Australia’s GoGet celebrates decade of car-sharing success

September 11, 2012

When Bruce Jeffreys and Nic Lowe first considered starting a car-sharing company, they knew they faced a host of unknowns. Few people in Australia were familiar with the concept at the time, though many responded favourably to the idea when asked if they would use such a service.

In 2003, Bruce and Nic founded Newtown CarShare in Sydney with three vehicles and 12 members. (They changed the name to GoGet in 2005.) Today, the company has more than 800 vehicles, 20,000 members, and operates in Melbourne, Sydney, Adelaide, and Brisbane.

GoGet, whose slogan is “Like owning a car, only better!” received the 2012 Game Changer Award from consumer watchdog Choice for its leadership in the car-sharing industry. As the company nears its 10th anniversary, Bruce reflected on the challenges GoGet faced early on.

“There were plenty – even the basics like getting insurance and financing, and we had to build the technology from scratch,” he says. “There was no awareness at all of car-sharing in Australia, so there was a huge challenge in educating people about this new type of service.”

A handful of competing car-sharing companies have joined the market since then, though GoGet holds 80 percent of the market share. Private vehicles remain its stiffest competition because they are still the preferred method of transport, Bruce says.

“Education is still important, but the market has really shifted over the last two or three years because of the economy. People don’t want the expense of car ownership,” he notes.

GoGet members can book a car online and then gain access to it by swiping a card over the windshield, which unlocks the doors and the keys are inside. Members are billed by the hour, and use a card stored in the glove box to pay for gas. GoGet’s fleet ranges from smaller, economy cars to vans. Last December, the company added an electric vehicle—a Mitsubishi i-MiEV—to its fleet.

“There are so many reasons we’re happy about this,” Bruce says. “The most obvious is that having an electric vehicle in a car-share fleet will give Melburnians a chance to actually try out an EV. This is really important because for most of us, EVs are still concepts, not real cars. Well, here’s a real electric car. We want people to unplug it and give it a spin.”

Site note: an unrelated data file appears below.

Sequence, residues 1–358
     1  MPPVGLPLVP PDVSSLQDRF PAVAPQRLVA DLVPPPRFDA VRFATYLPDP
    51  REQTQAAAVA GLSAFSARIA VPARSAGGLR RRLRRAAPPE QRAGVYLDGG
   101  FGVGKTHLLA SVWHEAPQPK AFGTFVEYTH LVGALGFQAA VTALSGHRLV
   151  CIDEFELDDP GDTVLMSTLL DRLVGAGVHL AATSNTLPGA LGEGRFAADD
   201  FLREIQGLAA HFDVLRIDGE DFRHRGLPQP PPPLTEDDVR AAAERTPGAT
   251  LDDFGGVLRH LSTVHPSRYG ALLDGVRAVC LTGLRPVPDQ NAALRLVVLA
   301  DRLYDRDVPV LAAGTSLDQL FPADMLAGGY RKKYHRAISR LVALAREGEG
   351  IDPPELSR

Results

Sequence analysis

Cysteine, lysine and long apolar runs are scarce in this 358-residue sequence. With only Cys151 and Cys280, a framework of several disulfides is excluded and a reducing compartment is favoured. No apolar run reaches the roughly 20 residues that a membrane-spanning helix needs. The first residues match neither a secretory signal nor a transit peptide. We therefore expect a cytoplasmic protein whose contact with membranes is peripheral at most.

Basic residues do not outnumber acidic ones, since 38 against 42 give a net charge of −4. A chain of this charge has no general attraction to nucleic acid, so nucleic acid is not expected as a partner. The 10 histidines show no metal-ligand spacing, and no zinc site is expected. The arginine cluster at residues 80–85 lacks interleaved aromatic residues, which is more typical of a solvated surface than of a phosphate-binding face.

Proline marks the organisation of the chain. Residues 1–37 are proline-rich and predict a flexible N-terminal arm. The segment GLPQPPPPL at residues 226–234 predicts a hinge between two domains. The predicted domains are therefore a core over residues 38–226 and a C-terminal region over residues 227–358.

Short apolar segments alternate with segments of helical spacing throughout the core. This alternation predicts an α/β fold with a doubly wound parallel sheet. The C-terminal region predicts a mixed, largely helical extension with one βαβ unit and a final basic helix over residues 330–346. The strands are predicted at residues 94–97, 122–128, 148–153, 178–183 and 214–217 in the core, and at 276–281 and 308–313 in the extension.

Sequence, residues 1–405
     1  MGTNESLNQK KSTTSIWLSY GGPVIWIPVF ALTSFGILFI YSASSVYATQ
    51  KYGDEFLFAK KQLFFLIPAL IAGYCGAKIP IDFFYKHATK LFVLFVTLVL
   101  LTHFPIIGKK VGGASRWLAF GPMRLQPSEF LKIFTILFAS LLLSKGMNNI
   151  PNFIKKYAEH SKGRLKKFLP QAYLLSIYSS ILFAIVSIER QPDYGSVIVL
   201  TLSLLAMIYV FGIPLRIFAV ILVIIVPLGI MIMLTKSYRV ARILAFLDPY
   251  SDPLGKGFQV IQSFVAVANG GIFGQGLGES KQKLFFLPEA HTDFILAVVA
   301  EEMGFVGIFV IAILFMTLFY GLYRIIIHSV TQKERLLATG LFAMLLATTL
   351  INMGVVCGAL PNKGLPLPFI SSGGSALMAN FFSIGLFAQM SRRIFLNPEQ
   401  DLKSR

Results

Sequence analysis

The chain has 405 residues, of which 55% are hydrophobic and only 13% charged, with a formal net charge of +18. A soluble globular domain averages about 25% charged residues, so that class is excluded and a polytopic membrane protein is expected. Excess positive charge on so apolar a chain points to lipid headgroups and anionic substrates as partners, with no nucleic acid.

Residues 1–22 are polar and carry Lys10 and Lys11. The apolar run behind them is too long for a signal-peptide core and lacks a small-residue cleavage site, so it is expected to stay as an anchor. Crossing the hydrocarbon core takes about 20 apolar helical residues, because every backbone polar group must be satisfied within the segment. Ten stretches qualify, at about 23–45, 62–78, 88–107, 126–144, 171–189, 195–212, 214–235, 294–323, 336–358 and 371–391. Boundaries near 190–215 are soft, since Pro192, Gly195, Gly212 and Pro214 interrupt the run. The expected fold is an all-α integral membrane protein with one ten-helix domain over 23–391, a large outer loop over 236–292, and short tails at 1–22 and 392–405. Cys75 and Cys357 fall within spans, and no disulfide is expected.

The EV launch was the outcome of a collaboration between GoGet and several community and governmental organizations, including the Department of Transport, the Moreland City Council, ChargePoint Australia, Places Victoria (formerly, VicUrban), Origin, and Urban Communities Limited. The car will contribute data to ongoing electric vehicle research as part of the Victorian Government’s Electric Vehicle Trial.

It’s an example of how closely Australia’s car-sharing industry works with government agencies and illustrates the differences in America’s system. In Australia, residential developers are often required to restrict the number of parking spaces. They can now offer transport options for residents by making sure car-share comes with the building.

“This has been a big trend, as have businesses using GoGet as a de facto fleet manager,” Bruce says.

As a founding member of the CarSharing Association, Bruce has myriad opportunities to travel to the US and other parts of the world providing information about his company and learning about other car-sharing models. He says public awareness about the benefits of car-sharing, including reducing car usage and improving local air quality, is on the rise in Australia.

“GoGet still needs to work hard to get the car-sharing message out there, but I think we’ve passed the point where car share is seen as a solution just for a relatively small portion of Australians,” he says. “It’s not a niche. Car-share can work for almost everybody.”

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